The European Union has confirmed that the head of its top science organisation has resigned in frustration at the height of the coronavirus crisis.
Mauro Ferrari had only become president of the European Research Council (ERC) on January 1, but EU Commission spokesman Johannes Bahrke said that “Professor Ferrari resigned," effective immediately.
In a statement given to the Financial Times, Professor Ferrari -- described as a pioneer in nanomedicine -- said he had “been extremely disappointed by the European response” to the pandemic. He complained about running into institutional and political obstacles as he sought to swiftly set up a scientific programme to combat the virus.
“I have seen enough of both the governance of science, and the political operations at the European Union,” he wrote. “I have lost faith in the system itself.”
Ferrari's sudden resignation and his stinging criticism is bound to add pressure on EU institutions, which have been accused of not working together to battle the global pandemic.
Call for special EU programme rejected
Professor Ferrari said he had called for a special ERC programme to combat the coronavirus, but that this had been unanimously rejected by its governing body. The research council was only allowed to fund "bottom-up" research rather than "top-down" EU programmes, he was made to understand.
European Commission President Ursula von der Leyen asked for his advice and contributed "substantial directives" to a plan he developed, Ferrari said -- but this then hit an "internal political thunderstorm" and "disintegrated upon impact" when it ran into EU bureaucracy.
As the coronavirus spread from China to Europe, the bloc was criticised for not acting forcefully enough to set up a coordinated response even though health issues are still primarily the responsibility of the bloc's 27 individual nations.
The European Commission on Wednesday defended its record in combating the crisis and said 18 research and development projects had already been picked at short notice to fight the coronavirus crisis. It said another 50 European Research Council projects were contributing in the EU-wide effort.
“The European Union has the most comprehensive package of measures combating the coronavirus and it is deploying different instruments in order to have the biggest impact for solving the crisis," the EU's executive Commission said.
Ferrari's resignation 'epic-scale flouncing'
Professor Ferrari's version of events has been disputed in Brussels.
The ERC responded saying that on Friday 27 March, "all 19 active members of the ERC’s Scientific Council individually and unanimously requested that Mauro Ferrari resign from his position as ERC’s President."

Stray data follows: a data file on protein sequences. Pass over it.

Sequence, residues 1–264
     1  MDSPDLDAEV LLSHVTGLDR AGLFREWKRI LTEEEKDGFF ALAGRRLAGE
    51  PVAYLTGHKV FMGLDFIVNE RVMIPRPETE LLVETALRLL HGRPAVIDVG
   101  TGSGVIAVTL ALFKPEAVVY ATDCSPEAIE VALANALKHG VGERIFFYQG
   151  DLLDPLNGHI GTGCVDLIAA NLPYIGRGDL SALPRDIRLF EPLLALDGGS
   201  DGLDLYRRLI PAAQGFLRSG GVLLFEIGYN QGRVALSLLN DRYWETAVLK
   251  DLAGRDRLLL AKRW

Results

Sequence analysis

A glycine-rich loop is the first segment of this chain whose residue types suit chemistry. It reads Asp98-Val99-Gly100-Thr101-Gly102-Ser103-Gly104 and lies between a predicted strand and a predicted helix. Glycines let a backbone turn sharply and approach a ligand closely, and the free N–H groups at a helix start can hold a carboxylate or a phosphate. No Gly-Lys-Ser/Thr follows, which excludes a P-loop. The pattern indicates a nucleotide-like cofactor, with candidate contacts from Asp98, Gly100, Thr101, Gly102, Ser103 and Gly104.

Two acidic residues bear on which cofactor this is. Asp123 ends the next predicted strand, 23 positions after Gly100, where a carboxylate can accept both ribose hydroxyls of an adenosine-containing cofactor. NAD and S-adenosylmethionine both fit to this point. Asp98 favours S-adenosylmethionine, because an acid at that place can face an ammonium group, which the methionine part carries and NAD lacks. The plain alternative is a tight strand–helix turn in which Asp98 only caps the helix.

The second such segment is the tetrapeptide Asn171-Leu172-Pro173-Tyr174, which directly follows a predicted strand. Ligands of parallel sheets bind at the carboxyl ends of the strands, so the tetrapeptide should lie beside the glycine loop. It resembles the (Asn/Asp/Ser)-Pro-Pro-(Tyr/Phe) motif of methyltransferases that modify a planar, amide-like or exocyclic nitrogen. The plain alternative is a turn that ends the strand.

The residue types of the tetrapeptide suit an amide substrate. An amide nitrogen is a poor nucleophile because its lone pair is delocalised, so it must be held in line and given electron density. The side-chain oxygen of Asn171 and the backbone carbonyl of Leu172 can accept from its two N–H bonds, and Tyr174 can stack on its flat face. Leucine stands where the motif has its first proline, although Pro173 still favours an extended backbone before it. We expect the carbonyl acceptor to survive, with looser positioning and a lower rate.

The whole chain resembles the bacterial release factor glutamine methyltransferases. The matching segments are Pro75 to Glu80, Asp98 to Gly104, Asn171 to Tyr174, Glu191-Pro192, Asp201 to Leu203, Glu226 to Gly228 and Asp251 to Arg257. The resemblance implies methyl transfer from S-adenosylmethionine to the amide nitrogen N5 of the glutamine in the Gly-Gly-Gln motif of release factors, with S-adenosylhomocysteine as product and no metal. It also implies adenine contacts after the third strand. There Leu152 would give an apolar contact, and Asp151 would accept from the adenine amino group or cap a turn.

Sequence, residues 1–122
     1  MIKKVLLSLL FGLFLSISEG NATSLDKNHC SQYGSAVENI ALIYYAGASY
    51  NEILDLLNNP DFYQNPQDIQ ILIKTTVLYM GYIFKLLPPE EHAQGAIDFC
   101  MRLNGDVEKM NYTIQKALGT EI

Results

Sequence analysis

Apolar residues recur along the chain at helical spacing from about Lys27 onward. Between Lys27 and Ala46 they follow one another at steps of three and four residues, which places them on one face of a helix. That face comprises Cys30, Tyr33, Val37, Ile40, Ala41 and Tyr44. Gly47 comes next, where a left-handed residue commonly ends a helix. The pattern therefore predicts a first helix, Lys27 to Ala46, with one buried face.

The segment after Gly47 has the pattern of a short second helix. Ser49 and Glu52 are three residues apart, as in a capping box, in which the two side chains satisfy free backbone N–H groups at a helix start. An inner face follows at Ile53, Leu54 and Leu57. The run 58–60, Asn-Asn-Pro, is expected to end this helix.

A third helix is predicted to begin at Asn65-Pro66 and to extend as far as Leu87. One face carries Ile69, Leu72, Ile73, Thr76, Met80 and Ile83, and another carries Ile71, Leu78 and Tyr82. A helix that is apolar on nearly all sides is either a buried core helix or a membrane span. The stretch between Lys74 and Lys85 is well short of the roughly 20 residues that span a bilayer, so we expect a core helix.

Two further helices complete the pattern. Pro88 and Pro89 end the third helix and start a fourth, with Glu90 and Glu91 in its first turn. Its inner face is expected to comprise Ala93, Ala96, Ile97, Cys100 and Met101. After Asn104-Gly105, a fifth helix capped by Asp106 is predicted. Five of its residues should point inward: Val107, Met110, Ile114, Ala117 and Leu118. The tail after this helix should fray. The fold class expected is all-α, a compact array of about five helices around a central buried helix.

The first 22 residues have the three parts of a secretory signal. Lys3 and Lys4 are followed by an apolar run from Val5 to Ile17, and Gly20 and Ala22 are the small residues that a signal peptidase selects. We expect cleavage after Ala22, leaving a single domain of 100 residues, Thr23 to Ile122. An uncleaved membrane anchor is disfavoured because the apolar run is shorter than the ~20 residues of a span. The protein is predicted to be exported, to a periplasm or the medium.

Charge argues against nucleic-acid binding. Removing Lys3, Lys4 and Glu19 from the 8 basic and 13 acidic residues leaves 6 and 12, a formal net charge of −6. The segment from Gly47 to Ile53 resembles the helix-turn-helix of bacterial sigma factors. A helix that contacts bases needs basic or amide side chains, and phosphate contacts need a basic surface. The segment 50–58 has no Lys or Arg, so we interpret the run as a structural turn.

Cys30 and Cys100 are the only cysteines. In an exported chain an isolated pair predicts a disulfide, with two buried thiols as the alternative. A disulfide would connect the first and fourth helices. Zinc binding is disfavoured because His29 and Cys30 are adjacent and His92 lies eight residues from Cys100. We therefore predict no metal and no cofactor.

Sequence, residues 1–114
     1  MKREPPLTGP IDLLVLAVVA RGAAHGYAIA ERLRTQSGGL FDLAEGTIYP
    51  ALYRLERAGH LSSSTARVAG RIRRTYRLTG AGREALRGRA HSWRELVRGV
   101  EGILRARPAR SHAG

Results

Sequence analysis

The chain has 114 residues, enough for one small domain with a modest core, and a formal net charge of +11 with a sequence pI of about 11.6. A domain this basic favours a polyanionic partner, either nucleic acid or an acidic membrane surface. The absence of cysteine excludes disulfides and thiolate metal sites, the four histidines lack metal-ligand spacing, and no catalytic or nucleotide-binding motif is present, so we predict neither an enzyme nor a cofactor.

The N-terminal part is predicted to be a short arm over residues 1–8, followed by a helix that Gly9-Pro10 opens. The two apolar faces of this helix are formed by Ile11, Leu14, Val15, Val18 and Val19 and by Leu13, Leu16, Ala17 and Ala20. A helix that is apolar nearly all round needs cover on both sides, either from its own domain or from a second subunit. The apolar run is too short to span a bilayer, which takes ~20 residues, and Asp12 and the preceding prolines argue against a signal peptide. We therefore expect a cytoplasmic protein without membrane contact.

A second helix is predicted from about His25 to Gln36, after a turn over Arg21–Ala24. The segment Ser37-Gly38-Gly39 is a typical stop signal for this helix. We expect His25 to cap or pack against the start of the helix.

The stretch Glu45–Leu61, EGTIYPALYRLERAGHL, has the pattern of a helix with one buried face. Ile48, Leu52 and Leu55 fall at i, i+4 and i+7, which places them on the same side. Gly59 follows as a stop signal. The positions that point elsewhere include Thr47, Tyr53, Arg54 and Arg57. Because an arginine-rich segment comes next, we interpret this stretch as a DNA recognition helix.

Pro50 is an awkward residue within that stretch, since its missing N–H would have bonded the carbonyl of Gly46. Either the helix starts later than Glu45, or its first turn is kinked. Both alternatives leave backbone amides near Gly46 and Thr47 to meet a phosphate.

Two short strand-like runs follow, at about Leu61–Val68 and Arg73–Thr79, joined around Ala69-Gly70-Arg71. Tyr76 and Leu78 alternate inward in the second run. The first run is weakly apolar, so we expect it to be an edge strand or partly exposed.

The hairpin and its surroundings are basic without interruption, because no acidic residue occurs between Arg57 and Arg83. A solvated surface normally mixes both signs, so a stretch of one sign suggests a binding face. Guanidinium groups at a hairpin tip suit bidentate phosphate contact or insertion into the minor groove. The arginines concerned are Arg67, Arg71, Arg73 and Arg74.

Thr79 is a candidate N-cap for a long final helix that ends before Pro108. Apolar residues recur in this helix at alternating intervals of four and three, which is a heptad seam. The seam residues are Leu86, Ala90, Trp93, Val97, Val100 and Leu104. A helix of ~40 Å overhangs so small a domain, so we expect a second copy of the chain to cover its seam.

Among the reasons for the call for his resignation:
"Professor Ferrari displayed a lack of engagement with the ERC, failing to participate in many important meetings, spending extensive time in the USA and failing to defend the ERC’s programme and mission when representing the ERC."
They also added that extra curricular activities were impeding his work, claiming he was "involved in multiple external enterprises, some academic and some commercial, which took a lot of his time and effort and appeared on several occasions to take precedence over his commitment to ERC."
German MEP Christian Ehler, of the European Parliament's largest group the European People's Party (EPP) was quoted calling his stance "a window-dressing public relations stand" that contradicted the European Research Council's legal basis.
"Effectively he (Ferrari) wanted to completely alter the ERC -- it was never designed for programmatic research," Brigid Laffan, Director of the think-tank the Robert Schuman Centre, said on Twitter.
"Reading between the lines, Mauro Ferrari’s resignation as president of ERC research comes across as epic-scale flouncing. He seems to misunderstand the structures of EU research funding, and (the) ERC’s role," tweeted James Wilsdon, Digital Science Professor at Sheffield University and a leading member of other research bodies.
The ERC's mission statement specifically says its approach is "bottom-up" in nature, to allow research to be driven by scientists rather than "led by priorities set by politicians". Its role is to encourage research in Europe through competitive funding, complementing national initiatives, it explains.
EU efforts to tackle pandemic
On Tuesday von der Leyen said the EU pledged to raise more than €15 billion to help fight the coronavirus worldwide.
Last week she unveiled an €100 billion plan to prevent companies laying off employees across the European bloc and try to stave off recession.
Over the past month, EU nations have been trying to work closer together and EU leaders have committed to better coordination to try to alleviate the human and economic suffering from the global pandemic that has upended the daily lives of billions and dealt a huge blow to the economies around the world.
But it remains an uphill struggle. On the economic and financial front, ministers from the 19 Eurogroup nations failed on Wednesday to get a breakthrough on using its financial clout to improve solidarity between the richer and poorer member states.